A new study sponsored by the Keck Institute for Space Studies (KISS) has concluded that it would be possible to return an asteroid weighing approximately 500 metric tons to high lunar orbit where it would be mined for resources by 2025.
The Asteroid Retrieval Feasibility Study, published on April 2, was prepared for KISS, NASA Jet Propulsion Laboratory, and the California Institute of Technology (Caltech). Co-leaders of the study included John Brophy of NASA JPL/Caltech, Fred Culick of Caltech, and Louis Friedman of The Planetary Society and participants included representatives of other NASA centers, various universities, institutes and private companies.
The report may provide a preview of what a new company named Planetary Resources spearheaded by the X PRIZE Foundation’s Peter Diamandis will unveil during a press conference in Seattle next Tuesday. Two of the 34 study participants were Planetary Resources President and Chief Engineer Chris Lewicki and former astronaut Tom Jones, who is an adviser to the company. The start-up – which is backed by Google billionaires Larry Page and Eric Schmidt, Microsoft mogul Charles Simonyi, filmmaker James Cameron, and Ross Perot, Jr. – says it will “overlay two critical sectors – space exploration and natural resources – to add trillions of dollars to the global GDP. This innovative start-up will create a new industry and a new definition of ‘natural resources’.”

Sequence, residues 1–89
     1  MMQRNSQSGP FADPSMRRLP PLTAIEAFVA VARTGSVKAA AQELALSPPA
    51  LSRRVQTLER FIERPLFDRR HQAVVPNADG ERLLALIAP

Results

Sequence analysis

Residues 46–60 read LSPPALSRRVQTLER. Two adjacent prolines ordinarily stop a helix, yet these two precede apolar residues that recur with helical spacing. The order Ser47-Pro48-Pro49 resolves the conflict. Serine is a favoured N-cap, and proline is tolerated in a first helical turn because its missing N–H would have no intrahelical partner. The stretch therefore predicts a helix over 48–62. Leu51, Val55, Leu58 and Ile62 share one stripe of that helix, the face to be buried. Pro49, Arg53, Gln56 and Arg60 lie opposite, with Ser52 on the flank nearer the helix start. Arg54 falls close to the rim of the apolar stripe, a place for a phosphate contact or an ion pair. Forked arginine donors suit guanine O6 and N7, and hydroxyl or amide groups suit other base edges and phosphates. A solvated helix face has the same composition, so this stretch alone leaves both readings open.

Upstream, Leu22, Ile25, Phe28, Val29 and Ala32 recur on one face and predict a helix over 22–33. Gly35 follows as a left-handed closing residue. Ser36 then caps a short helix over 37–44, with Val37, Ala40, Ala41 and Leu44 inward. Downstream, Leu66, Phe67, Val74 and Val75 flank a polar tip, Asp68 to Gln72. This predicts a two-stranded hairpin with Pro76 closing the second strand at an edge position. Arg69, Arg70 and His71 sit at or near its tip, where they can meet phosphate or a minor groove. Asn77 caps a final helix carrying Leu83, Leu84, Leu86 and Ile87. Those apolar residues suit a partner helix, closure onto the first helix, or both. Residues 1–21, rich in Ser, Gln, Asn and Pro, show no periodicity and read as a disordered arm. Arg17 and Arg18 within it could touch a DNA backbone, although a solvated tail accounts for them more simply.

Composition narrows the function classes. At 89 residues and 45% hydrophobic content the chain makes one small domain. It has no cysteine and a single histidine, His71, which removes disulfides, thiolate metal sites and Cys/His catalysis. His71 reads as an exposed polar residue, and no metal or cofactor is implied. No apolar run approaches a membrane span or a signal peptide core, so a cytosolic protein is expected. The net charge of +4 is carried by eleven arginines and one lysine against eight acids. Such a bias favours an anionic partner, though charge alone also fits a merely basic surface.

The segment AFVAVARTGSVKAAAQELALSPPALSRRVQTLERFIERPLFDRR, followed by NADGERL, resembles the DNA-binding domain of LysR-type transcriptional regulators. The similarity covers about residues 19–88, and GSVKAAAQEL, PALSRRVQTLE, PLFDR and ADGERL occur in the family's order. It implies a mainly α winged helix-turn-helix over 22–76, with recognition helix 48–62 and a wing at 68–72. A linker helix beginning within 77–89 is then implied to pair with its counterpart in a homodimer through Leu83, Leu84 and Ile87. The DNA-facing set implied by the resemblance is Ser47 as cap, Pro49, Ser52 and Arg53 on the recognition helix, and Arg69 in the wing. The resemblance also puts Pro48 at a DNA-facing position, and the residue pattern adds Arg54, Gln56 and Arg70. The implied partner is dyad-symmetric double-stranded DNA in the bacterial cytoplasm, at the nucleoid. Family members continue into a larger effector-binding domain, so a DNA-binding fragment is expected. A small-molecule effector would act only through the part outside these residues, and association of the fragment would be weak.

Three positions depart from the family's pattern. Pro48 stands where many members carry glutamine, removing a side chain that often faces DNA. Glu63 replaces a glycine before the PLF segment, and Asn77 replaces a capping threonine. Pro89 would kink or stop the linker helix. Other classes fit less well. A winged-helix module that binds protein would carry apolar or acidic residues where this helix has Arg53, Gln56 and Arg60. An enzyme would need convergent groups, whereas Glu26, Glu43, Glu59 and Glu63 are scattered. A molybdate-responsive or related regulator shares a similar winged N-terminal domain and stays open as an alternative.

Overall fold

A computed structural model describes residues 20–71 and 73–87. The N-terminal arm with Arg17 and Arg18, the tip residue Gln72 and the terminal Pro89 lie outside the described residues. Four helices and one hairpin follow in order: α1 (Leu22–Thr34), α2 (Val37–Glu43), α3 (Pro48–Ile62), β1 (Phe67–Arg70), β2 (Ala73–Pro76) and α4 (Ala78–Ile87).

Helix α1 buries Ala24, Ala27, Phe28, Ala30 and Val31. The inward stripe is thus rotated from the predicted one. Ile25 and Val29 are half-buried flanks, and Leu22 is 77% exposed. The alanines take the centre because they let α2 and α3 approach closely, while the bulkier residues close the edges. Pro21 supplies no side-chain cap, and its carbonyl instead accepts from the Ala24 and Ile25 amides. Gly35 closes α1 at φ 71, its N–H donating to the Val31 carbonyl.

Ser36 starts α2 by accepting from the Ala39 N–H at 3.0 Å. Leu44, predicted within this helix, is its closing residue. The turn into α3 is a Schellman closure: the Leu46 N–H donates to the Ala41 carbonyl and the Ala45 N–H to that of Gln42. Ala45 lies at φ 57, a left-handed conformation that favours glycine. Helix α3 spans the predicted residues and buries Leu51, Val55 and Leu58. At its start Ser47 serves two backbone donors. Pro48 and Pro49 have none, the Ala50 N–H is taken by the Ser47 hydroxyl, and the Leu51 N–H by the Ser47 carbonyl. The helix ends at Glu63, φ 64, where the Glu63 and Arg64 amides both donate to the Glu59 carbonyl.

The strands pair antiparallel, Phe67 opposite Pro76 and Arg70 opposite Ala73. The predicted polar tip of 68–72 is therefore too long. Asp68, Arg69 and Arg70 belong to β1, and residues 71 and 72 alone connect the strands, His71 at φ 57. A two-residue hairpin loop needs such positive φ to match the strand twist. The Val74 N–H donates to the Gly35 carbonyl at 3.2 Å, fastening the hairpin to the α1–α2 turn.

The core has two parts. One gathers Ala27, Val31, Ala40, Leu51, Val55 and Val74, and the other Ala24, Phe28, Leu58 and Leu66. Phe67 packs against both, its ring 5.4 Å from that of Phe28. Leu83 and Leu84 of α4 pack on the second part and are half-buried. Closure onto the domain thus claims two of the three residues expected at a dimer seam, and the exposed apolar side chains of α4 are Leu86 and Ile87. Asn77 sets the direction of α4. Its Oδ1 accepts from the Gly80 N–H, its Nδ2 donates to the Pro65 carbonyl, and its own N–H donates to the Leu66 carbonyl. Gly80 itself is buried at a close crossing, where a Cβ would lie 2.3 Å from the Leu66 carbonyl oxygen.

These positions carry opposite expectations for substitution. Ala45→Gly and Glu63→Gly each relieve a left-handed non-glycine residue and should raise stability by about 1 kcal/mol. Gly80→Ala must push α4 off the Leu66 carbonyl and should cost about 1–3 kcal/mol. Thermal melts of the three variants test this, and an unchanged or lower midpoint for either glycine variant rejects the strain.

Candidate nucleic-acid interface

Join visionary Peter H. Diamandis, M.D.; leading commercial space entrepreneur Eric Anderson; former NASA Mars mission manager Chris Lewicki; and planetary scientist & veteran NASA astronaut Tom Jones, Ph.D. on Tuesday, April 24 at 10:30 a.m. PDT in Seattle, or via webcast, as they unveil a new space venture with a mission to help ensure humanity’s prosperity.
Supported by an impressive investor and advisor group, including Google’s Larry Page & Eric Schmidt, Ph.D.; film maker & explorer James Cameron; Chairman of Intentional Software Corporation and Microsoft’s former Chief Software Architect Charles Simonyi, Ph.D.; Founder of Sherpalo and Google Board of Directors founding member K. Ram Shriram; and Chairman of Hillwood and The Perot Group Ross Perot, Jr., the company will overlay two critical sectors – space exploration and natural resources – to add trillions of dollars to the global GDP. This innovative start-up will create a new industry and a new definition of ‘natural resources’.
Forbes – that arbiter of all things extravagant – has come out with its annual list of the world’s richest people.Â The tally includes five billionaires who are playing major roles in commercial space and space tourism.